ZV: Yes, there are specialized Dewars that hold liquid nitrogen vapor. Typically, these containers can hold cryogenic temperatures between 7 to 10 days and can be shipped by FedEx or other couriers. However, cryogenic transport requires specialized labeling and paperwork, and optionally also temperature and monitors indicating whether the Dewar was rocked or tipped in transit. Cost of shipping is higher than regular FedEx shipments, so it saves money to ship larger numbers of fish lines (dozens or more) at a time.

 

KP: Should labs send live fish to ZIRC to maintain and distribute? To avoid delays is it better to send sperm?

ZV: We prefer to receive live fish and freeze them ourselves from the quarantine room to ensure safe and efficient recovery. However, if everyone could produce samples of a predictable and reliable quality, we would consider cryogenic imports. To this end, we also offer to teach laboratories by visiting ZIRC and learning the technique. Please see the submission guidelines on our website.

 

KP: Why is it so expensive to receive fish from ZIRC?

ZV: I really appreciate the opportunity to speak about this. This is a complex issue, and I can see that the community wants us to be transparent about our cost recovery. We do our utmost to keep costs as low as possible for everyone. ORIP requires cost recovery as part of our budget, so we are obligated to charge at least a fraction of our costs.  ZIRC has not increased fish fees in over a decade and because of the COVID pandemic, increasing personnel costs, and stagnating cost recovery, we had to reduce our staff by 3 colleagues during the past 3 years. What drives cost for users, unfortunately, are changes in animal welfare laws, tighter regulations, and the associated shipping costs. 

There are many activities behind the scenes for which ZIRC cannot, and is not, recovering costs directly. These activities are particularly focused on quality assessment and quality control. More than 44,000 alleles are ready to ship within a week or two. Once a line is established at ZIRC and we have become its custodians, there is a strong expectation from the community that we are also the primary source for line-specific information, helping them with trouble shooting to identify their lines, or to provide husbandry information on how best to propagate a line. Because we also continuously import new lines, we routinely monitor fish health in our quarantine and main fish facility to keep our colony healthy and further minimize the risk of distributing pathogens to the community. ZIRC also puts significant effort into collecting and curating the currently available husbandry and sequence information to characterize, identify, and advertise newly imported fish lines. There is a lot of trouble shooting, including re-importing lines several times. By the way, for most submissions, the data and fish are not as high quality as those from the Poss lab!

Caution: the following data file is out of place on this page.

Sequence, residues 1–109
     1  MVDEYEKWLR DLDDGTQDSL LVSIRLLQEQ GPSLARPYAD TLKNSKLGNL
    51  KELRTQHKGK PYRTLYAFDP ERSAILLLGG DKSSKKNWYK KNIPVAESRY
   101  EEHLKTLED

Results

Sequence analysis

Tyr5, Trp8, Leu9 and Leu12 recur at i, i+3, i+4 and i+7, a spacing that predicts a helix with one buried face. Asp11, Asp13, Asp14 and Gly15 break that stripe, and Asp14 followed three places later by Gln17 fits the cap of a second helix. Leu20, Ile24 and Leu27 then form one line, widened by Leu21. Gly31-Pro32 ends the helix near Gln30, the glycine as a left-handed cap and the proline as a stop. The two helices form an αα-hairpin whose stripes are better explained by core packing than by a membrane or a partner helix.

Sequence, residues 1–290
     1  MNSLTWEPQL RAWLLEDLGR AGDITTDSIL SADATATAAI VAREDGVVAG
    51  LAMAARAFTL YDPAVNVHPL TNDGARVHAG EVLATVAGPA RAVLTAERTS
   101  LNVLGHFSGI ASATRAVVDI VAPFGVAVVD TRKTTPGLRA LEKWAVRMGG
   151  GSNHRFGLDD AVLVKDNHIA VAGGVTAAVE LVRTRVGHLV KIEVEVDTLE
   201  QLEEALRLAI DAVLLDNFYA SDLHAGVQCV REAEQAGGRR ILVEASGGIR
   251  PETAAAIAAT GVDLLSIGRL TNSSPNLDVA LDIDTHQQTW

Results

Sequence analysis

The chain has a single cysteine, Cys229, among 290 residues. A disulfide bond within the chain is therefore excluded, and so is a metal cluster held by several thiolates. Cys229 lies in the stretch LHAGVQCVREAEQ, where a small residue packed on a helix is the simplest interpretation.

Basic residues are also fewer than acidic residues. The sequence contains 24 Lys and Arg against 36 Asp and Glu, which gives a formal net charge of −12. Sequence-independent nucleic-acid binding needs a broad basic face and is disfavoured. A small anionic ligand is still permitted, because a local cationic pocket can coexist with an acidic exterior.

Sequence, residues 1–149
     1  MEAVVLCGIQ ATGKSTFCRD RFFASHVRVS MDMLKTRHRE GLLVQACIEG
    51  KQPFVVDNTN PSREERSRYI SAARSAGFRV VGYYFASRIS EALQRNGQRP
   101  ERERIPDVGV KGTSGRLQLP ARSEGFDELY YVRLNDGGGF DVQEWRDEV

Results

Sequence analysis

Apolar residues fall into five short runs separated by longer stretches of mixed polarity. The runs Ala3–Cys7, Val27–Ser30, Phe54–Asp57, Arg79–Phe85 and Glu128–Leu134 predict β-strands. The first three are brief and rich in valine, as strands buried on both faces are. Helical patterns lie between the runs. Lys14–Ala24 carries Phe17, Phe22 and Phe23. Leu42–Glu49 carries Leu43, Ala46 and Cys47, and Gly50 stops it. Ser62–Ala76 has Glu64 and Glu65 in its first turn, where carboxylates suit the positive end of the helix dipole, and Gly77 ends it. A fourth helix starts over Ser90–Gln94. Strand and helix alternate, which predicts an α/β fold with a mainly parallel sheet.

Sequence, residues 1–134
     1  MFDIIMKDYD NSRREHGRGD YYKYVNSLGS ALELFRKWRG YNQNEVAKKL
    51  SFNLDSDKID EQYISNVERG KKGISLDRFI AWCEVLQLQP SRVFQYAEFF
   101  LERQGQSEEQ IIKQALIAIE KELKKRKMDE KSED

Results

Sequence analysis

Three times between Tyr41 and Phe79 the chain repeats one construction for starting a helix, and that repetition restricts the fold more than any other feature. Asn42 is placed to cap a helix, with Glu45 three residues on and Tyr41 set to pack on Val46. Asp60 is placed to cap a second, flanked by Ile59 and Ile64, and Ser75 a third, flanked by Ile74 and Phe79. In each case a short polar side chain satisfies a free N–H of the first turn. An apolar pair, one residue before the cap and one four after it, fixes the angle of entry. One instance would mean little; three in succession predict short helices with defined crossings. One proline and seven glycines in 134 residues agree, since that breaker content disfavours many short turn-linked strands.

ZIRC is asking that all shipping costs are carried by the recipient, and ZIRC does not mark up any shipping costs. Shipping prices are determined by the shipper’s Volume-Weight cost, and for FedEx, these currently start around $175. Internationally, ZIRC uses FedEx where possible; however, most countries, especially in the European Union, require specialized animal couriers. ZIRC is looking to find reliable courier services that are more cost effective. Unfortunately, however, the COVID pandemic has made all such services more expensive recently. We are painfully aware of this trend. To keep shipping costs low, our best advice is to collect requests from as many labs as possible from the same institution. By sharing shipping costs proportionally for large orders and avoiding one-off requests, each lab can save money.

For shipping, ZIRC staff manages all shipping paperwork, customs papers, and health documents, and we ensure that fish are shipped safely and arrive alive. With quality control (health and line identification) and shipping routines, ZIRC saves laboratories who do not have this level of routine and efficiency significant personnel cost and effort that can be better directed to research goals instead.

 

KP: What is the most effective way to send zebrafish to international colleagues? And as adults, embryos, or frozen sperm?

ZV: Deposit lines at ZIRC! Have ZIRC ship the line for you. You spend more on personnel costs (and nerves) to research the destination’s import regulations, fish breeding, preparing, packaging, paperwork, and shipping than you think. In our hands, adults and embryos survive equally well.